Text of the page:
Today’s announcement that Bill Thompson will concede the Democratic Party nomination for mayor of New York CIty to Bill de Blasio caps the end of a long race with plenty of twists and turns – and, for me at least, the most positive outcome that I could imagine only two months ago.
Bill de Blasio’s ascension had many factors, many of which were laid out by this New York Times article. His charismatic black children and wife, his son’s afro going viral, the meltdown of Anthony Weiner, John Liu’s campaign administrative missteps, and Sharpton’s refusal to vouch for Bill Thompson are but a few. As always, especially in a field of five serious candidates, the actions of other contenders have as much to do with the one’s outcome as his or her own decisions.
#Gowiththefro and #fromentum aside, there is certainly no single factor larger in Bill de Blasio’s New York victorious campaign than his stronger opposition to stop and frisk. While not as far to the left as John Liu, who demanded the end of the practice, De Blasio attached oversight to the program that would all but eliminate it. Over-surveillance is national policy in poor black and latino neighborhoods, but in New York City the practice was brought to unprecedented extremes – that excess is referred to as Stop and Frisk.
Personally, I have a solid amount of experience with both stop and frisk and the End Stop and Frisk Movement. Not even living in the city, I have been stopped several times in New York City over the past two years – where the officer once mused that he “smelled weed” on me. I participated in two of the earliest End Stop and Frisk protests in Brownsville and Jamaica Queens, momentum builders for that movement. Since that point I’ve heard dozens and dozens of heart breaking and tearful testimonies from young people and their parents about the humiliation and fear of resulting from the policy.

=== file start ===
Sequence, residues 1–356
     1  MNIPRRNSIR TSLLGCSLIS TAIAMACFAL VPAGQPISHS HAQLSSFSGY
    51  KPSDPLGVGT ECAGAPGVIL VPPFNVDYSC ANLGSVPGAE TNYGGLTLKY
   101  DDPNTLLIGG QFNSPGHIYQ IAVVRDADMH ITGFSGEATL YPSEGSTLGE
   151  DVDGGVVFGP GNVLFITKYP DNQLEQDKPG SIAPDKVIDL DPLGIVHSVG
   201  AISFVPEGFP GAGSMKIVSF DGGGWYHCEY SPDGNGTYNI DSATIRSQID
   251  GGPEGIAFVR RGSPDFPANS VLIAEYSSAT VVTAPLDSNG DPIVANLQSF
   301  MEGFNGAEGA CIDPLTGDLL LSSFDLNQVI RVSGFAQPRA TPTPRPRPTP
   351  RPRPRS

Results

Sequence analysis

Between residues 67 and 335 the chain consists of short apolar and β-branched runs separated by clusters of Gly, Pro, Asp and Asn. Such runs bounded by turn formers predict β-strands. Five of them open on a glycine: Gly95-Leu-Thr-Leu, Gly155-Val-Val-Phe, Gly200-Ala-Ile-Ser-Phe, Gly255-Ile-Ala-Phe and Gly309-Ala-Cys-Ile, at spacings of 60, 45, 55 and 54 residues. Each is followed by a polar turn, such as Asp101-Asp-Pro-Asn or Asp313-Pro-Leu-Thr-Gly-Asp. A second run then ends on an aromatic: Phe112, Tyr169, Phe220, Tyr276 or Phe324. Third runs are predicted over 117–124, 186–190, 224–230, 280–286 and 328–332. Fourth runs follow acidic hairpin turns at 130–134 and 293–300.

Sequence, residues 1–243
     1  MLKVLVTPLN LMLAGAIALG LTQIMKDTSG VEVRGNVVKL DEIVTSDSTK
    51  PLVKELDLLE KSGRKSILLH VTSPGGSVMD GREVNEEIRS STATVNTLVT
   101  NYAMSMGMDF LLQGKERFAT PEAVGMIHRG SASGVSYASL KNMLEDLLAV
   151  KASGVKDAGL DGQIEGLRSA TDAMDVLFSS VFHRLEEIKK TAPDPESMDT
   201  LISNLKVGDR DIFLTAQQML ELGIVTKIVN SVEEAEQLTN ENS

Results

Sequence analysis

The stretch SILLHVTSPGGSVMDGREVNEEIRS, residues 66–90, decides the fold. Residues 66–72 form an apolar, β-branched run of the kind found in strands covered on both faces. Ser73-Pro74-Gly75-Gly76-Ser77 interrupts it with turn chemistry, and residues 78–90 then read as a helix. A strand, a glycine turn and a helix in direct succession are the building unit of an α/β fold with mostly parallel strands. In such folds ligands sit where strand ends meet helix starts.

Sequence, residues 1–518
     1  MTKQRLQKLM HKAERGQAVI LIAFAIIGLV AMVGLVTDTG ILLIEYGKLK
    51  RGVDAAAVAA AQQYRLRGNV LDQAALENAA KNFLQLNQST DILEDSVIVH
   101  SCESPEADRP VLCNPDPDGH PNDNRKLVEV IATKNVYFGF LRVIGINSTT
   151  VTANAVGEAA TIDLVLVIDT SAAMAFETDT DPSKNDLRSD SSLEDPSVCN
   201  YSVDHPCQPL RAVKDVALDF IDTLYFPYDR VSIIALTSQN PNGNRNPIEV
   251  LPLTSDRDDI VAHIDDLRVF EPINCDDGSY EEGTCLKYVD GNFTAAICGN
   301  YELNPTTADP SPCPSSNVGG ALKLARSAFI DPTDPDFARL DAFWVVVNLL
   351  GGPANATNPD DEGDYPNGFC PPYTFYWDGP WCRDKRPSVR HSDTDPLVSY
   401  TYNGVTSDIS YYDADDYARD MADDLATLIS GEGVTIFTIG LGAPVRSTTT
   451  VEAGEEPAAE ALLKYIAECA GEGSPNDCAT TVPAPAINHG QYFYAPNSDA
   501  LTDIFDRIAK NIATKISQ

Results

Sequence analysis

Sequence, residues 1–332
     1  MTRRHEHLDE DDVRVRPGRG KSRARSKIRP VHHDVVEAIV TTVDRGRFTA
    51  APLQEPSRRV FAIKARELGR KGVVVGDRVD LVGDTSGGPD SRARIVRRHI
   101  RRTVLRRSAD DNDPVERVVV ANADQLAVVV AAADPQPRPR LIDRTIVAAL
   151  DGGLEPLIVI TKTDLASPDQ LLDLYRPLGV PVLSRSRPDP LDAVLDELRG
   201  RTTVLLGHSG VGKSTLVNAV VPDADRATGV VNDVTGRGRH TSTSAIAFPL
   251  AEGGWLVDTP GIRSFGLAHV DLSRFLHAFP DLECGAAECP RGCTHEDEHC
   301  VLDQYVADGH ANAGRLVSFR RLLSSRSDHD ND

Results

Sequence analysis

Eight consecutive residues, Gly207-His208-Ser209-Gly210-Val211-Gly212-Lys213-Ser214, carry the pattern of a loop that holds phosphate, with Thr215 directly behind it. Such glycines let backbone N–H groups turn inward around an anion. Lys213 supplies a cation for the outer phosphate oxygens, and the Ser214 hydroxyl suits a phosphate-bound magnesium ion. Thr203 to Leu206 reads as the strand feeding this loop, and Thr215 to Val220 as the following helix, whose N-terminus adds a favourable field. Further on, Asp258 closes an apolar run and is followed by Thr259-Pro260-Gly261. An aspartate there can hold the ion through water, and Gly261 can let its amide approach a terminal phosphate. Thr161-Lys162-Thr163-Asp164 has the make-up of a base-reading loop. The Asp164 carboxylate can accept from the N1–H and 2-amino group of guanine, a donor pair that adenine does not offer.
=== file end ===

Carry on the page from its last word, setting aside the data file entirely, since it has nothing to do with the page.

The oversight that Bill de Blasio proposed goes farther than the stop-and-frisk-ending measures insisted upon by Judge Shira A. Scheindlin last month. De Blasio was the only major candidate who proposed allowing victims of stop and frisk to sue the department in state court, and was the only of the top four candidates to support both of the following measures: replacing Ray Kelly as commissioner and appointing an inspector general to oversee the department. While ending stop and frisk totally is what I’d like to see, ending its unprecedented excesses in New York would improve the daily lives and restore civil rights to hundreds of thousands of young black and latino men and their families. Not surprisingly, as the issue became more widely discussed between the campaigns, de Blasio’s support soared to an off the charts 56% amongst voters who considered Stop and Frisk excessive, cementing his position and helping to make the result a formality by election day. Hopefully de Blasio, a shoo-in against his Republican challenger, will stay true to his promise to get rid the practice as we know it.
However, a large part of his victory and the dismantling of an oppressive program should be credited to activists, namely Carl Dix, the initiator of the movement to end the practice. After all, politicians only move as far as the people who push them, and it is people, like Dix, who pushed Stop and Frisk to center stage. Even “progressive” news outlets don’t give credit to the activists that risked their own livelihoods to build opposition to stop and frisk. It was Carl Dix and his closest allies who established this movement. It is those individuals who were arrested several times during peaceful demonstration and faced charges leading to two criminal trials. It is Dix associate Noche Diaz who almost faced prison time for repeatedly, and legally, standing up to police violence. Cornel West was the first notable figure arrested alongside Dix. Gbenga Akinnagbe, who played Chris in the critically acclaimed HBO series The Wire, stood in solidarity with this End Stop & Frisk Movement. Instead of acknowledging Carl Dix’s coalition, every report from major news outlets that I’ve seen mentions “activists”, and when they mention anyone by name, it’s Al Sharpton. Al Sharpton is even less responsible for the movement to end stop and frisk than is Bill de Blasio.
While we celebrate the end of a large arm of the oppressive Bloomberg era in New York, in name and hopefully in practice, let’s give credit where it’s due.